Infertility Biochemistry

The "biological clock" is a real thing. Female fertility declines sharply in the years preceding menopause. While women have gotten pregnant into their 50s and beyond, it is a rare occurrence—rare enough, in fact, that the medical definition of infertility requires only six months of trying for women over 35, as opposed to a year for younger women. Research has found that the clock runs out when the uterus’s supply of mature ova is depleted. This triggers, through hormonal processes, the start of menopause, though not directly, which is why the decline of fertility happens earlier.

The maturation process by which ova are prepared for release and possible fertilization is called meiosis, in which cells divide to become the ova, which carry half the genetic information necessary to make a person. Researchers have discovered that a molecule called Greatwall kinase is essential to this process. In laboratory animals, it was found that Greatwall kinase plays a role in this division process, and low levels resulted in abnormal, non-functioning ova cells. The research team behind the study believes that the same molecule plays a similar role in human reproduction.

The immune system also plays a role in fertility. For various reasons, most people are born with immunity to certain pathogens already in place, what is called the innate immune system. This generally provides protection against illnesses that were ubiquitous in the ancestral environment and certain illnesses to which the mother’s immune system developed resistance, as opposed to immunity developed during life by the exposure and vaccination. One of the most important components of this innate immune system, a protein called Interleukin-1, also destroys ova, hastening the decline of a woman’s fertility. While the protein cannot be completely eliminated without severely compromising the immune system, doctors believe tat suppressing it can help boost in-vitro fertilization.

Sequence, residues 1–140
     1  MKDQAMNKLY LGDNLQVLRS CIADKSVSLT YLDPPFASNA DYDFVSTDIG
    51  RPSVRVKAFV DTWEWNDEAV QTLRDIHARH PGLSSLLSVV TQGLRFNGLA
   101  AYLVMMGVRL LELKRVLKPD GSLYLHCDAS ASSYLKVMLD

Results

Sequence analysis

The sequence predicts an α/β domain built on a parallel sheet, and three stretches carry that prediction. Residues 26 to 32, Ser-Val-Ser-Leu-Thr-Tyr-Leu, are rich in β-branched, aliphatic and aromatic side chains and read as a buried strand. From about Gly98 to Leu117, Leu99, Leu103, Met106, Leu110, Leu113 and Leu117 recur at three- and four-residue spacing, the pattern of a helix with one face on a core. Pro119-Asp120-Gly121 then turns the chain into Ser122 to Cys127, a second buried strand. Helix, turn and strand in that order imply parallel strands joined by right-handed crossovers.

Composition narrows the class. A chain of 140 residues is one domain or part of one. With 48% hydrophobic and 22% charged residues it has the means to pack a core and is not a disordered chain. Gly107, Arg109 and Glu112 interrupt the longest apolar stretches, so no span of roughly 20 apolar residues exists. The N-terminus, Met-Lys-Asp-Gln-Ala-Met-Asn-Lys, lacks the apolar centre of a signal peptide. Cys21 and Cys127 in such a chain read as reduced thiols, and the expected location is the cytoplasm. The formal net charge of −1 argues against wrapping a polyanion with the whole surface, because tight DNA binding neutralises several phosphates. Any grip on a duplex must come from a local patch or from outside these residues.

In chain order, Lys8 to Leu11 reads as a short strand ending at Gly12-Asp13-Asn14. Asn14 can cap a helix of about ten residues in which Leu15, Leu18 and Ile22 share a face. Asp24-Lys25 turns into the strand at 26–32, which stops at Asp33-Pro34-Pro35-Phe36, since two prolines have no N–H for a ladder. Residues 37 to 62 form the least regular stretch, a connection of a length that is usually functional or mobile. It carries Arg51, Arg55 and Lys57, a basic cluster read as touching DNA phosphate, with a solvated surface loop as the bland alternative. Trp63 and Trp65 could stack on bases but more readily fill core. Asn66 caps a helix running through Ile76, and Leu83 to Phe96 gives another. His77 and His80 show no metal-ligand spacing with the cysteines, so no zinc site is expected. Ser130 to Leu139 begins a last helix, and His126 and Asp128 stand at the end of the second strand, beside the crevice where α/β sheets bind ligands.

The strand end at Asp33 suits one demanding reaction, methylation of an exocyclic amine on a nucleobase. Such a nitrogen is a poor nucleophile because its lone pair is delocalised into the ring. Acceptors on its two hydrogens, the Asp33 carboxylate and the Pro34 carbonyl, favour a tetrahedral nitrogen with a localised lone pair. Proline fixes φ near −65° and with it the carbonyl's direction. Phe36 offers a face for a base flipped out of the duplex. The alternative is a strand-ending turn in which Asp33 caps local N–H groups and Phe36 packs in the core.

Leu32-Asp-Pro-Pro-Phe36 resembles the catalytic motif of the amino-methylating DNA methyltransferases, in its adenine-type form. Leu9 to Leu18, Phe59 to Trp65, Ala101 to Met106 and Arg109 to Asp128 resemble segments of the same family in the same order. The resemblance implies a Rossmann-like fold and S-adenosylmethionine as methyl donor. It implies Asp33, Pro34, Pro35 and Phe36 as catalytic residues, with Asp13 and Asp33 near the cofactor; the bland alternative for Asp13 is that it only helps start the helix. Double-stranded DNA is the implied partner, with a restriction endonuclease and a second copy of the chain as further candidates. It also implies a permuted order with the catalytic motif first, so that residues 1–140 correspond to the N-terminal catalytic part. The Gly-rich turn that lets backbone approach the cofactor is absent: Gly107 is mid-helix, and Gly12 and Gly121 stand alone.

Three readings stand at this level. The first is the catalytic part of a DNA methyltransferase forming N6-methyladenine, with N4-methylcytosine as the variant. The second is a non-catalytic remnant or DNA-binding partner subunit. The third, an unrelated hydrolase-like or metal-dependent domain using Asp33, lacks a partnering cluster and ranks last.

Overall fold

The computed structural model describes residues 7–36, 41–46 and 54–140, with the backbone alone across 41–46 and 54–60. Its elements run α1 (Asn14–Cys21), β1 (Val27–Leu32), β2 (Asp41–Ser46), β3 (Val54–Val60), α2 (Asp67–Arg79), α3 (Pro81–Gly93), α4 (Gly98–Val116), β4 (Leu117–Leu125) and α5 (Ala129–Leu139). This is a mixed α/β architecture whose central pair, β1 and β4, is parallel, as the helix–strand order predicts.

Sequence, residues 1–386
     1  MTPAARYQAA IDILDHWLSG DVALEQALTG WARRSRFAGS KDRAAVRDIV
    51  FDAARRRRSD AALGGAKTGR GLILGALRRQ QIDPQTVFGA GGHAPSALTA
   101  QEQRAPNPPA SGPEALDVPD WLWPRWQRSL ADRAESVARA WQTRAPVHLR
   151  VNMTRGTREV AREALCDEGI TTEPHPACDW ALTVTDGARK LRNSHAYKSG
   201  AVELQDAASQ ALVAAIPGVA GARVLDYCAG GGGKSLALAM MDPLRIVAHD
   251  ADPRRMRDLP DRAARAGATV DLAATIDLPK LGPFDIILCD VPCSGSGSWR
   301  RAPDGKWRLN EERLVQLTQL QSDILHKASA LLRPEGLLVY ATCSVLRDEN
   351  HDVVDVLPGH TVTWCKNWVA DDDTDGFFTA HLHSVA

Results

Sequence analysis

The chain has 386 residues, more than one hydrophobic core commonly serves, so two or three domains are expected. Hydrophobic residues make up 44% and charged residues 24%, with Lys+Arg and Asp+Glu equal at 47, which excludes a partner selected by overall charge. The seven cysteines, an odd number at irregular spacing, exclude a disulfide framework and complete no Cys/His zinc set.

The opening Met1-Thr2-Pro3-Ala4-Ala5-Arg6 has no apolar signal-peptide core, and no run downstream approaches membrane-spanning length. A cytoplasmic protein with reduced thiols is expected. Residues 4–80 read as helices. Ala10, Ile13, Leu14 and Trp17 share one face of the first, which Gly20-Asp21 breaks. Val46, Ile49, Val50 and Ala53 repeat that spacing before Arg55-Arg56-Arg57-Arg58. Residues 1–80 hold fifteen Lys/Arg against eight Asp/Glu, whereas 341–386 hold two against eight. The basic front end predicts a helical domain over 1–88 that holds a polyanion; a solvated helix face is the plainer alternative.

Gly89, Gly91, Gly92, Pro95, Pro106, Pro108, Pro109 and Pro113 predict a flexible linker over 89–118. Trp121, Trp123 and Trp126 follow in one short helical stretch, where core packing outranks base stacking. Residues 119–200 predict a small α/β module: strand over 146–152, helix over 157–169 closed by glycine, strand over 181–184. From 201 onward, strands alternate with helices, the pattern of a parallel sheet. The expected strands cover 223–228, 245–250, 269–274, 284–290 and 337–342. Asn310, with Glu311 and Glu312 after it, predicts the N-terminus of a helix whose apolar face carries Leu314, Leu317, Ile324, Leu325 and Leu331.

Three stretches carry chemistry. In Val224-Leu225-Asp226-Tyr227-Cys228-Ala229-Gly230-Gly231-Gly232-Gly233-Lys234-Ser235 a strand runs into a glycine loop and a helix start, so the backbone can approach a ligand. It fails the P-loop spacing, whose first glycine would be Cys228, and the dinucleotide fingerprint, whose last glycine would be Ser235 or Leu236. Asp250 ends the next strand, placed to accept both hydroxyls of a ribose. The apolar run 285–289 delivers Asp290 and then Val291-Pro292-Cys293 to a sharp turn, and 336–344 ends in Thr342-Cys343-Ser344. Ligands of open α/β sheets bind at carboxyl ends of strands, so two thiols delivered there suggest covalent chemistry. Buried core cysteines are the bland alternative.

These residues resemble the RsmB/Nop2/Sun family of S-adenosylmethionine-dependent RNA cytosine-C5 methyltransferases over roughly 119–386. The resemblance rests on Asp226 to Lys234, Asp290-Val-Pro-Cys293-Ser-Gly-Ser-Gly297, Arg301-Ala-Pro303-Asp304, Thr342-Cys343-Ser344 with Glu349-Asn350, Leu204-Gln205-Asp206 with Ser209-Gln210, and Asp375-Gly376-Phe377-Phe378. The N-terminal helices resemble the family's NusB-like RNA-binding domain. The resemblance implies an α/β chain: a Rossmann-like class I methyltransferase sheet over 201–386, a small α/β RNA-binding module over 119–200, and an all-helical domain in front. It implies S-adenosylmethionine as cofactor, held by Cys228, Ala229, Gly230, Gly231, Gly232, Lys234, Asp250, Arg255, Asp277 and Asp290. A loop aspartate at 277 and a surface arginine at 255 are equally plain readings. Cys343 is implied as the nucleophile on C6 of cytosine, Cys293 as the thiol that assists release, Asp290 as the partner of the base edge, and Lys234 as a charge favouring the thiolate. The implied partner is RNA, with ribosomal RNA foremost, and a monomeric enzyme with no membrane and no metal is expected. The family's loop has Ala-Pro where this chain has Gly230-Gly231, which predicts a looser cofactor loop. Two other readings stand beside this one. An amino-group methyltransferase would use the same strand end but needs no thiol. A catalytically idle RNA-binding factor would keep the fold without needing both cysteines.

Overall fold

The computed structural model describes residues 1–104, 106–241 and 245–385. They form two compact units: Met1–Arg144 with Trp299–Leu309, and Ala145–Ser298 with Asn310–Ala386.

In extreme cases, extreme solutions may be necessary. Uterus transplant surgery has been talked about in recent years, and earlier this year the world saw the first success story for this kind of surgery: a woman in Sweden who became pregnant using in vitro fertilization and a transplanted uterus gave birth, at 32 weeks due to complications, but the baby is developing as expected given those complications. In all seven women have received the surgery; this woman is the first to give birth.

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